A while ago I offered to watch an ice cream maker for a friend while he and his (now) fiancee spent some time overseas, because I am a humanitarian. I give, people. I give. And I wanted to see if I would enjoy the process of ice cream making or if I’d think, meh, and would have wasted $80 buying my own machine that I’d never have used after its maiden churning.
I was hard-pressed to return said friend his property when he came home. Homemade ice cream? In my house? Yes! The only thing that’s even marginally part way kind of a drag about my ice cream maker is that you need to plan your ice cream making accordingly and freeze the churning sleeve overnight. The simple remedy is to leave the sleeve permanently in your freezer so you can be ready for any ice cream emergencies, but hey, it’s up to you what you want to do. If you even want to get a maker. You could always churn it by hand, I suppose, though as far as that goes I am no help at all.
So I was out in my back yard the other day and I realized, we have a lovely crop of lavender. It returned from last year which sort of surprised me; even though I know it’s a perennial, the ways off all growing things always catch me unawares. Especially when they do what they ought, since I never get plants to behave. Thrive. Not die. Anyway. While I’m happy to attract bees and give them some nommy pollen to nosh on, the question still remains…what does one do with a surprise lavender crop?
Though I did just come across a recipe for lavender marshmallows; I swoon at the thought. My options are ever-expanding.
I decided the time was right for me to make lavender ice cream. I didn’t change anything in the recipe I used except for this: because my lavender buds were fresh, not dried, I doubled the amount I used. Why is that, you ask? Because fresh herbs are full of water so their flavor is less concentrated. As a general rule, if you use any fresh herb in any recipe that calls for it dried, you should at the very least double the amount you’re using (though I’ve seen plenty of sites that say the ratio is actually three to one, and so I should have tripled the amount, but I’ve always doubled and been happy with the results, and I digress).
Of course, that means four tablespoons of lavender, which sounds like a lot of buds…
…which IS a lot of buds. But your hands smell fantastic when you’re done, so really, is it that big of a deal? And you’re going to strain them anyway, so you won’t have weird flowery bits between your teeth while you’re trying to enjoy dessert. Relax. Just see where this takes you before you judge.
Here’s everything you need. Nothing scary. No eye of newt or horn of toad.
Ok, well, all this and about an eighth of a teaspoon of salt and some eggs. Crazy how so few things can taste oh so good. So the first thing you’re going to do–to make it oh so good–is start your lavender cream cooking. Add the cream, half-and-half, honey and lavender into a pot and bring it just to a boil, but as soon as it starts to boil pull it off the heat, don’t let it continue to cook. Once it’s off the heat, you let it steep.
There it is. Steeping away, like a tea. Let this sit for a half an hour while the cream coaxes all the lavendery deliciousness from the flowers. Then strain it, clean the pot and return the cream to a low heat. You’ll want it to heat up a bit before the next step, but you don’t need to boil it.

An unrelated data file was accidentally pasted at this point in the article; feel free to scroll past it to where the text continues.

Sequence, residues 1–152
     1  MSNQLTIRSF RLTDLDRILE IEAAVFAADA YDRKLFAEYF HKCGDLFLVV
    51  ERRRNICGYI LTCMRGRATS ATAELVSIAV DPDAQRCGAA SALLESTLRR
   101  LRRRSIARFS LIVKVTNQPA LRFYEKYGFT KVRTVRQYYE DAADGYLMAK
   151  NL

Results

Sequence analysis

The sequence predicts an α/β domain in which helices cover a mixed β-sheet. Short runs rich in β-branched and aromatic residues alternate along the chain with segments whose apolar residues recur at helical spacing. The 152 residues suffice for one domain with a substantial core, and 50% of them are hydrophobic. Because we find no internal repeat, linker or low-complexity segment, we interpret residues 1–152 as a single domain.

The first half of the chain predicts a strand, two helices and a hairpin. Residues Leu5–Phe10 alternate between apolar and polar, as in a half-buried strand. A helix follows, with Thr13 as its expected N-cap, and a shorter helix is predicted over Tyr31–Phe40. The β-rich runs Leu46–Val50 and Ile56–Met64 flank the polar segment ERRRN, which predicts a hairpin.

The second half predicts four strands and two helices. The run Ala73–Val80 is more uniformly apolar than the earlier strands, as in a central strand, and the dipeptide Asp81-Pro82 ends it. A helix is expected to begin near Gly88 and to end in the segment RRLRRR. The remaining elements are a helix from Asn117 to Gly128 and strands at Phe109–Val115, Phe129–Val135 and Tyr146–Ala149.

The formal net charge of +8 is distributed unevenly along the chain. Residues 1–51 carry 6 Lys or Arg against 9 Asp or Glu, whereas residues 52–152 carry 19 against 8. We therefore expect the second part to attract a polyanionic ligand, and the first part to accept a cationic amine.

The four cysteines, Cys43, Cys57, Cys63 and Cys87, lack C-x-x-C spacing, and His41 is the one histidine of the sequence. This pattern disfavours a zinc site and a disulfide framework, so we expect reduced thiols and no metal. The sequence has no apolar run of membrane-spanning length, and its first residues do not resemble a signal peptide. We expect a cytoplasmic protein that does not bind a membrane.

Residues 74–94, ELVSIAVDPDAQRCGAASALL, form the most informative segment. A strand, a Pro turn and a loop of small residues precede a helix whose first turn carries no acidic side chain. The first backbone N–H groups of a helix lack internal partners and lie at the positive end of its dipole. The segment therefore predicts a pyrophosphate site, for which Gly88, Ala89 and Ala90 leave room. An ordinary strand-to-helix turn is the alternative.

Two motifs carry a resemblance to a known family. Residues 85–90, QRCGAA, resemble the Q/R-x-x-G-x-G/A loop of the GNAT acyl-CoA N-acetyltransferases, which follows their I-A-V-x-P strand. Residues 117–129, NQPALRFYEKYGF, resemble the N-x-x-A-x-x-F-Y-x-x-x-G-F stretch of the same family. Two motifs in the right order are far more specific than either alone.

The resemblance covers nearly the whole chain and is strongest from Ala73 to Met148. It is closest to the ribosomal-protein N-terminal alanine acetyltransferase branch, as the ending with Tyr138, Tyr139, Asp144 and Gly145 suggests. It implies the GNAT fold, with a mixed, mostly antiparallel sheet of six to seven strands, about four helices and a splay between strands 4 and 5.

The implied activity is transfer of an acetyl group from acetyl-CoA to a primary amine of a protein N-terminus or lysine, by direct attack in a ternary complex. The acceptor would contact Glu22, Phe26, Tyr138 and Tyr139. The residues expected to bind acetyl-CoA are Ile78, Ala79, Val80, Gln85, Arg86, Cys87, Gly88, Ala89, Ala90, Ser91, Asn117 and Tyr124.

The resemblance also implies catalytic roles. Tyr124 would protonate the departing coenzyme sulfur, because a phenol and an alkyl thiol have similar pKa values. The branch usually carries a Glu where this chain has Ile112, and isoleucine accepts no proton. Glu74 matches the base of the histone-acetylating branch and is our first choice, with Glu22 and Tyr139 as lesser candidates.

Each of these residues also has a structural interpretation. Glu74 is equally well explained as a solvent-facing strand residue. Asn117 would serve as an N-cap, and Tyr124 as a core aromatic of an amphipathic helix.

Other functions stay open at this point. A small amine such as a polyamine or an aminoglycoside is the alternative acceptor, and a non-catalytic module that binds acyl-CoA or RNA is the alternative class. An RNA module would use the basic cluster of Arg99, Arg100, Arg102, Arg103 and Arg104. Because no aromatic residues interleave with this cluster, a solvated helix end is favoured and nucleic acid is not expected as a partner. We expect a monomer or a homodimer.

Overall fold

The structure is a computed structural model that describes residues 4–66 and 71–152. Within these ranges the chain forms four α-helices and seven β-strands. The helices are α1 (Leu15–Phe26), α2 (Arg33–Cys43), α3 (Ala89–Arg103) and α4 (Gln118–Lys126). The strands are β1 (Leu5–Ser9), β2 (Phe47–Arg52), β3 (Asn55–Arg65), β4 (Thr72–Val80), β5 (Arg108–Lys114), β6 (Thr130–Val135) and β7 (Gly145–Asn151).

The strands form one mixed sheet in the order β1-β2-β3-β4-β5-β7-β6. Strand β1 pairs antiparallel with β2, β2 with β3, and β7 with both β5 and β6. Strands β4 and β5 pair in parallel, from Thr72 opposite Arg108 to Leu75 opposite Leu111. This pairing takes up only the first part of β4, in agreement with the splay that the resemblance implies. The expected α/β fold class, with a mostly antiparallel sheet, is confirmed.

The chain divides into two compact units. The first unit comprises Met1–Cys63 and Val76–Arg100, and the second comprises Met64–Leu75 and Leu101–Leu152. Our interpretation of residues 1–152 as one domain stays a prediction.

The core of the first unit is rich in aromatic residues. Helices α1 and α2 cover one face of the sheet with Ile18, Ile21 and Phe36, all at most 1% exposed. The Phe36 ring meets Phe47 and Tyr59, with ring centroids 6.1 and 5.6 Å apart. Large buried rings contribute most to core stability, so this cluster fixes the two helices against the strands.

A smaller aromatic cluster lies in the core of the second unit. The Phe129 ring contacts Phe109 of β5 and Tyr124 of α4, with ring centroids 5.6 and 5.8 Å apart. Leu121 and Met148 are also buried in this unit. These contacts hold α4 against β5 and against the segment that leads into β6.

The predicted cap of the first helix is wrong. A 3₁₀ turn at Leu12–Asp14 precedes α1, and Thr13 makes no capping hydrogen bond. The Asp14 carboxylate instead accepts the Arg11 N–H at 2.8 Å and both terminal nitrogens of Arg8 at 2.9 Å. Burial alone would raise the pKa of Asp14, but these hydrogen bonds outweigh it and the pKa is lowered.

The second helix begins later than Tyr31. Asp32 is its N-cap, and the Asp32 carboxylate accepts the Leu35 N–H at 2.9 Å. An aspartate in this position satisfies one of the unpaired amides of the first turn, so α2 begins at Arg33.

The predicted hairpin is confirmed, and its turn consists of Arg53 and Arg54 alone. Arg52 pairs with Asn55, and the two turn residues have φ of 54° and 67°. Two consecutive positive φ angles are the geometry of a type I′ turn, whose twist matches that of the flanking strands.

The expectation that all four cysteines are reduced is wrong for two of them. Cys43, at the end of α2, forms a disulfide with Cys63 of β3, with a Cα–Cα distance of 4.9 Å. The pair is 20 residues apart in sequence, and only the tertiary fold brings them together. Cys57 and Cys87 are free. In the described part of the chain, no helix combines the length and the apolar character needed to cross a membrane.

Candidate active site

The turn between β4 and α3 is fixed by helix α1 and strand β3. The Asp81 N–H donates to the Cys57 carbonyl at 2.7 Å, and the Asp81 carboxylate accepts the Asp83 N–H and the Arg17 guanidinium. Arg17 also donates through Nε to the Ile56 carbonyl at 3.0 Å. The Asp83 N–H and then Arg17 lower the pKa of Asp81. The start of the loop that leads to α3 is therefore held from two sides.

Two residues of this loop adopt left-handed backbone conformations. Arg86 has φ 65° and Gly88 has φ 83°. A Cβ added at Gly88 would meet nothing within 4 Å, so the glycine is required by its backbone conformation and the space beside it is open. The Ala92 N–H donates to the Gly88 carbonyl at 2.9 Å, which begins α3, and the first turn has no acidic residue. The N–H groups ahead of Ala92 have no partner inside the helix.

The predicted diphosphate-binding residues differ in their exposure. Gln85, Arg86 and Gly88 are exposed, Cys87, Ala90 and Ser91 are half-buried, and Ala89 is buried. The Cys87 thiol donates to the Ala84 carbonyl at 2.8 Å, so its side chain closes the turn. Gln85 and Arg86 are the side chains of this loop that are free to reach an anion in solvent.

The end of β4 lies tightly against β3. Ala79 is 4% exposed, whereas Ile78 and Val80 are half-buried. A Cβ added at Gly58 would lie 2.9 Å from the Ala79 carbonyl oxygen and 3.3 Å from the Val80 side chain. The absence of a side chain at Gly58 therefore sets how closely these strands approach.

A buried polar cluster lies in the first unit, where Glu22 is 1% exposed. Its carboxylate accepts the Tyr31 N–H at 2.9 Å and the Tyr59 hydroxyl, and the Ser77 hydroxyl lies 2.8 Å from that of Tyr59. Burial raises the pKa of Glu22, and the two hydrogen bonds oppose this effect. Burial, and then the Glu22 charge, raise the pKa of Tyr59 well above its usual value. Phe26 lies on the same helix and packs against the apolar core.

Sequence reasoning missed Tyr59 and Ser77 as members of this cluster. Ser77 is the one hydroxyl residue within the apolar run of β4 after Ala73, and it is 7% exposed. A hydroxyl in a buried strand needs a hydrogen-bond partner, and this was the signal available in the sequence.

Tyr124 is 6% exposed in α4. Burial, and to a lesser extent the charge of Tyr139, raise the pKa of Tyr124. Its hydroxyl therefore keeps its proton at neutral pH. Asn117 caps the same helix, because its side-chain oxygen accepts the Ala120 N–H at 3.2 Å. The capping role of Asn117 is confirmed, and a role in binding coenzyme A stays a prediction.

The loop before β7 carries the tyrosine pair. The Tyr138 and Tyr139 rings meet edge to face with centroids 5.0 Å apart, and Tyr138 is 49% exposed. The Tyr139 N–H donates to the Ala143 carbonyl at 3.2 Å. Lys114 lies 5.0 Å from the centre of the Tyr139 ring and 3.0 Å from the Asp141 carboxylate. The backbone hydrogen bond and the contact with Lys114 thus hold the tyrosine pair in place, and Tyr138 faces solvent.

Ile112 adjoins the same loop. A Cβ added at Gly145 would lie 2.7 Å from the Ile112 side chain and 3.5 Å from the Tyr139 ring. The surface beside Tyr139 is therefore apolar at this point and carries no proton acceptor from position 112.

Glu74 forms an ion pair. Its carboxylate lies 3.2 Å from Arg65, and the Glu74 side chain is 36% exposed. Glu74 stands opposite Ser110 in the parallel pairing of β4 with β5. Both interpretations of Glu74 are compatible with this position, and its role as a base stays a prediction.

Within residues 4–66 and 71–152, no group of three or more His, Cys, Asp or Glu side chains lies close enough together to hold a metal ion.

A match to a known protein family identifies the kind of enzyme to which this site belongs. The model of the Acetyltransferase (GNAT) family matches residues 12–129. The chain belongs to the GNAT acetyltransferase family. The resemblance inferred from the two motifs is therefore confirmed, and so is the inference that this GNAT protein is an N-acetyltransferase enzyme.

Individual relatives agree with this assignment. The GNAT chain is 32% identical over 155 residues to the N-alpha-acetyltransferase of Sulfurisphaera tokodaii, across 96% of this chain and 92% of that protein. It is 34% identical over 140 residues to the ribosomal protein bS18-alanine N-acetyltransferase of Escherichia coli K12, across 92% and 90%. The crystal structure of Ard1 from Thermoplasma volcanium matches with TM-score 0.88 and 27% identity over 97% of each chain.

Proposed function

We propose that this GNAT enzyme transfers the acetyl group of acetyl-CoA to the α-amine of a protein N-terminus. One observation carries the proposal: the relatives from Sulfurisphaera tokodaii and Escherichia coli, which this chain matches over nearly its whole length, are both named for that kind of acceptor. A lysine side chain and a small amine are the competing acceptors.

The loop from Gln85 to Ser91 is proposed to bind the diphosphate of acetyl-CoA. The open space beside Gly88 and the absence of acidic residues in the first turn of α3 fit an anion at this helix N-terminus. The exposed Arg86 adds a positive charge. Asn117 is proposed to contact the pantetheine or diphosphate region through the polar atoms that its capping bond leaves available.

So you have your nice strained cream…
…and two eggs, whipped with the salt.
Hmmm…cream…eggs…cream? Eggs? I see the beginnings of a custard..!
Take your hot milk and add it to the eggs. NOTE: Do NOT add the eggs to the hot cream, and do NOT dump the cream in all at once. Add the cream into the eggs in a slow, steady, stream, whipping it with the eggs while you do. This tempers the eggs, raising their temperature incrementally so the proteins don’t realize how hot they’re going to get and tighten up, sort of like the proverbial frog in the slow-cooking pan of water. If you don’t think you need to temper and just dump, you’ll have a pot full of scrambled eggs, and “Who wants egg ice cream?” doesn’t hold the same sort of allure for me. Or anyone. Ever.
Once your cream and eggs are mixed and smooth, return the whole thing to heat and cook it until it thickens up and reaches a temperature of about 175°. Don’t let it boil, you just want it to get thick enough to coat the back of a spoon and leave a clear stripe when you run your finger through it.
From hereon out it gets super-easy. Cover your custard and stick it in the back of the fridge for at least three hours, and as long as overnight. (Mine was in for three or four hours and it came out just fine.) After that? Into the (frozen sleeve-ed, promptly assembled) ice cream maker!
You’re going to take it from this…
…in about twenty-five minutes. It’s certainly thick enough to eat at this point but it’s still kind of soft, so if you don’t want it to melt right away in your bowl, exercise a little bit of patience and stash it in the freezer. No, not in the churning sleeve, in a storage container. Be sensible.
Floral lavender goes beautifully with the bitterness of dark chocolate, so feel free to serve it that way, or with a salted caramel sauce. But me, I acted the purist and just had a bowl of beautiful, fragrant, refreshing, unfestooned ice cream. And oh my stars and garters, but it was gooood!